There Went My Baby

Snavely wound up staying home from school for three days after he and Jane broke up. He instinctively knew that a big gesture was needed to mark this cataclysm in his life. On the second day without Butch Wax the front of his flattop fell down over his forehead in a cool way that looked kind of like Dave Guard, the "intellectual" member of the Kingston Trio. Snavely decided to keep it that way. He lived in his pajamas for three days, neither washing his body nor brushing his hair. He had lots to read, and it was a nice vacation. He sneaked downstairs periodically and raided the refrigerator, while pretending to his mother to be sick and off his feed.

He was beginning to realize that self-pity could be delicious.

* * *

Snavely and Comstock had been devouring Jack Kerouac's On the Road, a revelation to their parched Alum Falls consciousnesses. Snavely's blues-in-the-night prose this early morning is influenced by the beat master.

"It seemed like a matter of minutes when we began rolling in the foothills before Oakland and suddenly reached a height and saw stretched out ahead of us the fabulous white city of San Francisco on her eleven mystic hills with the blue Pacific and its advancing wall of potato-patch fog beyond, and smoke and goldenness in the late afternoon of time. 'There she blows!' yelled Dean. 'Wow! Made it! Just enough gas! Give me water! No more land! We can't go any further 'cause there ain't no more land!' ...And he drove into the Oakland Bay Bridge and it carried us in. The downtown office buildings were just sparkling on their lights; it made you think of Sam Spade. When we staggered out of the car on O'Farrell Street and sniffed and stretched, it was like getting on shore after a long voyage at sea; the slopy street reeled under our feet; secret chop sueys from Frisco Chinatown floated in the air."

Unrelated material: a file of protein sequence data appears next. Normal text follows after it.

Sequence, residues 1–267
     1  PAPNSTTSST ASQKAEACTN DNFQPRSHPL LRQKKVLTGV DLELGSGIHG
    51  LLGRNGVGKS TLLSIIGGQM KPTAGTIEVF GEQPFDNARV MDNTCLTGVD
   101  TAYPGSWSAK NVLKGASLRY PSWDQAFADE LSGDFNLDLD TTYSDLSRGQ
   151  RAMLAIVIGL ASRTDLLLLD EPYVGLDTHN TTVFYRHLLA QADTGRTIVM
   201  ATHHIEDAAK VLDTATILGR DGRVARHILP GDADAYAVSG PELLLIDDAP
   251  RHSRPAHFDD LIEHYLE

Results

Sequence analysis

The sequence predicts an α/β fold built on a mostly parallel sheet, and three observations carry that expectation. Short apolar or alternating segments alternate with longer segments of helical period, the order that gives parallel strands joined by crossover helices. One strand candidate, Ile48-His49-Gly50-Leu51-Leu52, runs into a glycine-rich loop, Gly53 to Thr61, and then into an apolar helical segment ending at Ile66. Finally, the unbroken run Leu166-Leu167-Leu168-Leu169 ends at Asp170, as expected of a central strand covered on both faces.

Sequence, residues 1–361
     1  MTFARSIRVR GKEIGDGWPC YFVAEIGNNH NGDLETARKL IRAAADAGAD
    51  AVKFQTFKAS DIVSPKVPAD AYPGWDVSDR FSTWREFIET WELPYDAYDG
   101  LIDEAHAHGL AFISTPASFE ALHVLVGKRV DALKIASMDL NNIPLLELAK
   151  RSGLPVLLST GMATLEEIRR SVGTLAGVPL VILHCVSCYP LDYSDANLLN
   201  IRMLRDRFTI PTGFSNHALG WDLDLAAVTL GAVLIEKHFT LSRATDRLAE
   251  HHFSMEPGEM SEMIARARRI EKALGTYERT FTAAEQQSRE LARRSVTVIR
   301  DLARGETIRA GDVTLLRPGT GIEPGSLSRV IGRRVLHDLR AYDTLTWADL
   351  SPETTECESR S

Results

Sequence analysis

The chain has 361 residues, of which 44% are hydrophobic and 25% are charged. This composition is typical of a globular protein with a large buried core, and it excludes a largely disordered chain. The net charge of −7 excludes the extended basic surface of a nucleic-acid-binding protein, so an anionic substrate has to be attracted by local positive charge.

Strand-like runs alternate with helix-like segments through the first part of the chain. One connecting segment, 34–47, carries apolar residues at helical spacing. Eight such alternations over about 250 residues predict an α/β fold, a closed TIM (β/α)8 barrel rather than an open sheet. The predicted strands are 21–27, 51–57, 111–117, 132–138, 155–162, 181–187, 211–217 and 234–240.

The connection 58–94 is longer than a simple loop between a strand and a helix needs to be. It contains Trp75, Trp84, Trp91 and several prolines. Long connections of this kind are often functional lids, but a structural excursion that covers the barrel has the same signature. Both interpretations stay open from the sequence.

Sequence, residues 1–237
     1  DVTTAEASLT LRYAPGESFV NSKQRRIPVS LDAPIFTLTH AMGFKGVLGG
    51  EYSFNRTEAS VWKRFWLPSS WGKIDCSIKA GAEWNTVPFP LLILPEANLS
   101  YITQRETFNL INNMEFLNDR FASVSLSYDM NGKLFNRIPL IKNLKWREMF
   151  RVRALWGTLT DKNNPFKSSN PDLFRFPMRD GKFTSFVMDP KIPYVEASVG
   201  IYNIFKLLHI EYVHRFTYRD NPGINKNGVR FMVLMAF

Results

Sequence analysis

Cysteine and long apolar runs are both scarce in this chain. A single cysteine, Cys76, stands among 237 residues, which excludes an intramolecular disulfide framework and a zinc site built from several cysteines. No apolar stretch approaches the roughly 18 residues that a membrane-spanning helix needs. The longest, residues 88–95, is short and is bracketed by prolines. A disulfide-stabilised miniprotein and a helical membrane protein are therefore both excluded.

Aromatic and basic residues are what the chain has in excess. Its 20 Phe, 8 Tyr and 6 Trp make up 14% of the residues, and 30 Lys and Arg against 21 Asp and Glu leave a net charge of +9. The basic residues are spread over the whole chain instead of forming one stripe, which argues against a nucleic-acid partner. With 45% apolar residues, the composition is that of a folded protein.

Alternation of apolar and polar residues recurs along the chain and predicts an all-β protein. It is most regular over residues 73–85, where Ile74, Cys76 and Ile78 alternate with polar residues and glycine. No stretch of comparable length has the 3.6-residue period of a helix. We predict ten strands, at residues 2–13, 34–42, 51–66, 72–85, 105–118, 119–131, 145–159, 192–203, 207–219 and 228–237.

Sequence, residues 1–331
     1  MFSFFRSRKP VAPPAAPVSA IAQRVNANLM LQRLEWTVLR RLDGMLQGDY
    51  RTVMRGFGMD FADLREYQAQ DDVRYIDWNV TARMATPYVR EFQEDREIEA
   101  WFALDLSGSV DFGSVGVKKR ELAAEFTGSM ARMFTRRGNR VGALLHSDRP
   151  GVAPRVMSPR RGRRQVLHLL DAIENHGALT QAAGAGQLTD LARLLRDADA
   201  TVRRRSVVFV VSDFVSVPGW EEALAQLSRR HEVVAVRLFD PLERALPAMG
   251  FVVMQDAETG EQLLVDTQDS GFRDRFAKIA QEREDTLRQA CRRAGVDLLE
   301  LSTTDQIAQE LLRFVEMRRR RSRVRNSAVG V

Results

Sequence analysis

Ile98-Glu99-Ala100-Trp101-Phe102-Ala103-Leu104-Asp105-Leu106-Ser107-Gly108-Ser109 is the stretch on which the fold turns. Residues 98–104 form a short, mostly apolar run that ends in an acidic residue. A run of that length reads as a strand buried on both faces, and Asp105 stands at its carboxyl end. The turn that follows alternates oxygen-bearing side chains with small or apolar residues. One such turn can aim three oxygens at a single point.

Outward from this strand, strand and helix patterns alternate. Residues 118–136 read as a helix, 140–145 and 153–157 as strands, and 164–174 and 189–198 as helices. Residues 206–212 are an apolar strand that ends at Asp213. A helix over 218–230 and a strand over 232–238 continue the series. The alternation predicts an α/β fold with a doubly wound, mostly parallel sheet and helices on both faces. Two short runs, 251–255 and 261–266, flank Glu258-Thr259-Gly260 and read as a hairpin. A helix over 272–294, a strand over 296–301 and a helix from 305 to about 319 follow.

* * *

He doubtless found the phrase "balling the jack" in Kerouac. From the Morris Dictionary of Word and Phrase Origins: "balling the jack is a phrase from the jargon of railroadsmen and simply means going at top speed. It also has acquired the meaning in gambling circles of risking everything on a single throw of the dice or turn of a card."

In Listening to America Stuart Berg Flexner tells us: "balling the jack - 'balling,' mid 1930s, to mean 'having a ball,' having a wild good time drinking, dancing, having sex, etc. (this term was also influenced by the 1925 'balling the jack', to move quickly , have a good time, and the railroaders' use of 'highballing,' to go full speed). 'To ball,' to have coitus, mid 1950s.

Snavely also might have heard a recent version of the old dance-blues song "Balling the Jack":

First you put your two knees close up tight
Then you sway 'em to the left, then you sway 'em to the right,
Step around the floor kind of nice and light,
Then you twis' around and twis' around with all your might,
Stretch your lovin' arms straight out in space
Then you do the eagle rock with style and grace
Swing your foot way 'round then bring it back,
Now that's what I call "Ballin' the Jack."

copyrighted (1913) lyrics by Jim Burris, music by Chris Smith

Back to Dec. 7, 1959